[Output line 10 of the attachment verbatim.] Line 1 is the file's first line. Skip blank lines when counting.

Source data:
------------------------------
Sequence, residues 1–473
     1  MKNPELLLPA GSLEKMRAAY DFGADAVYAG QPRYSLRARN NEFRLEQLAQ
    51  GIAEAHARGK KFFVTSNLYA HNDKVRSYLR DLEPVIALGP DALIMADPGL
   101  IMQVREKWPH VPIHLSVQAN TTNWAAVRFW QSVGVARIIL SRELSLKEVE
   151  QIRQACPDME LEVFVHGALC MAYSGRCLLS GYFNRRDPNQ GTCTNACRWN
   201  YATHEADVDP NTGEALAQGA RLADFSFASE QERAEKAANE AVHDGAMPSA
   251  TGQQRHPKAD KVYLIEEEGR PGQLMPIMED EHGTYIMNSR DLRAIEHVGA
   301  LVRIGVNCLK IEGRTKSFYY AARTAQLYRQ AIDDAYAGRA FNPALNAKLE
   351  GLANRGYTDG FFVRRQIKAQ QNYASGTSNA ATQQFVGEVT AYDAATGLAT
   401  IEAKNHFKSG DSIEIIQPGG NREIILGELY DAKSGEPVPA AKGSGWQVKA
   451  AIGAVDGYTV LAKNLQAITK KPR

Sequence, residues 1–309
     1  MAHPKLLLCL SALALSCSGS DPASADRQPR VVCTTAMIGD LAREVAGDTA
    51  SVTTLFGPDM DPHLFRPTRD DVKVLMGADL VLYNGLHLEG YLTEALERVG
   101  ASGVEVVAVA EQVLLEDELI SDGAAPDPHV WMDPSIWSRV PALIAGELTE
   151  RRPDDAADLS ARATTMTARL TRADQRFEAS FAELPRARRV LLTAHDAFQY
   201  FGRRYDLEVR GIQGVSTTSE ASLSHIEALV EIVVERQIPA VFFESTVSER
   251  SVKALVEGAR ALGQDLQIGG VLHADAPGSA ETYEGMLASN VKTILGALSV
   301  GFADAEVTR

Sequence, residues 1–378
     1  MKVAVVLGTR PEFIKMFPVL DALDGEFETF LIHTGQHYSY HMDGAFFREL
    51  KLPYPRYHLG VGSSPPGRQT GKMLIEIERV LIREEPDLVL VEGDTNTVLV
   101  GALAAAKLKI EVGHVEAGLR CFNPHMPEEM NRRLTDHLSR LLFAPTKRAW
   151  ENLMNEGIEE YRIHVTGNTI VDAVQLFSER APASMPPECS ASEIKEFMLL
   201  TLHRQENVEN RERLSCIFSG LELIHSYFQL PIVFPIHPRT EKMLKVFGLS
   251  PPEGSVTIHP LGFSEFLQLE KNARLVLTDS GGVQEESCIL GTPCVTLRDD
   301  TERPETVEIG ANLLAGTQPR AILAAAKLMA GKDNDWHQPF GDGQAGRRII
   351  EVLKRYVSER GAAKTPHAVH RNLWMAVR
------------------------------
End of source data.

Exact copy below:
   401  IEAKNHFKSG DSIEIIQPGG NREIILGELY DAKSGEPVPA AKGSGWQVKA